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Establishing paternity for unmarried fathers in California

More couples than ever before are choosing to co-habitate and even have children without actually getting married. There are many reasons why people have started to shift their relationships in this way. Children from divorced homes grow up more skeptical about the institution of marriage. Other people may simply feel like it is unlikely for them to stay with the same person for their entire life.

If you have children with someone and you are not married, regardless of the reason why, when you split up you will have to think about how to secure your rights with the children. In the state of California, unmarried fathers have the right to establish paternity.

Ideally, you get listed on the birth certificate as the father

Typically, for married women, the child's father is simply her husband. Regardless of genetics, unless there is a test or an issue, the husband of the mother will usually be the father of the child.

For unmarried women, there is more flexibility. The mother could choose not to name a father on the birth certificate. From a father's point of view, the best case scenario involves getting named on the birth certificate at the hospital. That is the simplest and earliest way to establish paternity.

You and the mother can execute a Voluntary Declaration of Paternity

If you weren't involved in the pregnancy and birth of the child, or if the mother chose not to name you on the birth certificate, that doesn't mean you have to go to court. Provided that she agrees that you are the father and is willing to acknowledge this, both you and the mother can sign a Voluntary Declaration of Paternity form.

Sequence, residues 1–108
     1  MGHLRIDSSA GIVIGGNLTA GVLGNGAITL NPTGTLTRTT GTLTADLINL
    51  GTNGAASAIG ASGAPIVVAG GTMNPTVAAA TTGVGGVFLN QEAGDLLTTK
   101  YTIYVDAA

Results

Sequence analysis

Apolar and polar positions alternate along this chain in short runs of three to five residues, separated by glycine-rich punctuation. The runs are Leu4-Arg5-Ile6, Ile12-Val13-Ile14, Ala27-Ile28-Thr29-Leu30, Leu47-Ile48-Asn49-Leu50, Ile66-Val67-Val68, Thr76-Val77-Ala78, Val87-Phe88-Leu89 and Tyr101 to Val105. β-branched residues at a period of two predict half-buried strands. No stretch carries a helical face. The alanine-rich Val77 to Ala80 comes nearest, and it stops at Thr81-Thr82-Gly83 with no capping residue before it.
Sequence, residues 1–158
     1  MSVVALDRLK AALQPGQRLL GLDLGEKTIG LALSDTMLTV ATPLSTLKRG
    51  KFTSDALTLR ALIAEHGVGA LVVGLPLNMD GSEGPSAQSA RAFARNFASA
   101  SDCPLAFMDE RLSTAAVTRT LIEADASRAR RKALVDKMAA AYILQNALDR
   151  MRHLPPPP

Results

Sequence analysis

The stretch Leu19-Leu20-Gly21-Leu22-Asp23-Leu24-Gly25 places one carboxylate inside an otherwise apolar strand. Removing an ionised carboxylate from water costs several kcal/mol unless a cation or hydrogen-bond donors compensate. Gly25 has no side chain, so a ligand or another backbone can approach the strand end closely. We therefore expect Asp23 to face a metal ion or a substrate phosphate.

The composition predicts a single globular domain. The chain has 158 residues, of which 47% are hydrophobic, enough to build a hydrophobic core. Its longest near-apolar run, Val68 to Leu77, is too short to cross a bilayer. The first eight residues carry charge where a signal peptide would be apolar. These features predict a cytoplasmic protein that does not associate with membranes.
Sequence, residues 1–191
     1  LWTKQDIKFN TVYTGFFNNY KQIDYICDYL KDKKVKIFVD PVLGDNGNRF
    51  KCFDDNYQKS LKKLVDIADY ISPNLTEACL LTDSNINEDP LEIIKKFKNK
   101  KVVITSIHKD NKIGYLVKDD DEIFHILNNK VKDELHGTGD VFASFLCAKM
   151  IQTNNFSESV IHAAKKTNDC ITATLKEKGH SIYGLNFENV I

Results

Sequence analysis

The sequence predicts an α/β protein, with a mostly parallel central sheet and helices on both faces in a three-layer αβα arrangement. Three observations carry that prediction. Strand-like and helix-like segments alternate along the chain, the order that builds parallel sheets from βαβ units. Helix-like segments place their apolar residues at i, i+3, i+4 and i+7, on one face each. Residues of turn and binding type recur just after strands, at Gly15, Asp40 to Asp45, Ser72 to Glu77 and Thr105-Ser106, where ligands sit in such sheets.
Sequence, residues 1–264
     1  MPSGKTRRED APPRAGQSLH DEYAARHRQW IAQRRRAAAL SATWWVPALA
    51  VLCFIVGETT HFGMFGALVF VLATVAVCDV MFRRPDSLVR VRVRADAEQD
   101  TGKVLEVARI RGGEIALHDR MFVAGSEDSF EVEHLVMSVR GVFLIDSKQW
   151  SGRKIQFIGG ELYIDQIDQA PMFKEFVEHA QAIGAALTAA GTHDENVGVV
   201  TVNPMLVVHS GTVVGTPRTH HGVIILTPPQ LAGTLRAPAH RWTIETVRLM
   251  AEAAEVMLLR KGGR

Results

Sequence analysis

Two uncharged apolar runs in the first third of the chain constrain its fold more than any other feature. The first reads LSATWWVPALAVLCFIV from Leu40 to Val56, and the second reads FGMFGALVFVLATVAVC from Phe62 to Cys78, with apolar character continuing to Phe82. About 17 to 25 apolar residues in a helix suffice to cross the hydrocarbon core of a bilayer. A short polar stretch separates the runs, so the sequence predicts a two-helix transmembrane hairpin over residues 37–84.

This document serves to inform the state of California that both the mother and you believe you to be the father of the child. Usually, you can use this form to have your name added to the birth certificate.

If the mother won't admit you are the father, you may have to go to court

There are a number of situations in which the mother of your child may choose not to agree to acknowledge you as the father. Perhaps you had a rocky relationship, and she now wants to move on with her life. Maybe there are issues with her family, or she could have even been married at the time of her pregnancy.

Regardless of the scenario, if the mother refuses to acknowledge you as the father of the child, you will need to ask the courts to stop in. Generally speaking, you have the right to request a hearing and ask the courts to order a genetic test. Provided you can supply the courts with adequate information that indicates you may be the father, they will order a DNA test.

These tests are relatively conclusive and have a very small margin of an accuracy. Thankfully, the courts can compel the mother to present the child for testing even if she is hesitant to name you as the father. Once genetic testing confirms that you are the father of the child, you will be able to move forward with establishing your parental rights, such as visitation.

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Mohajer Law Firm, APC

Mohajer Law Firm, APC
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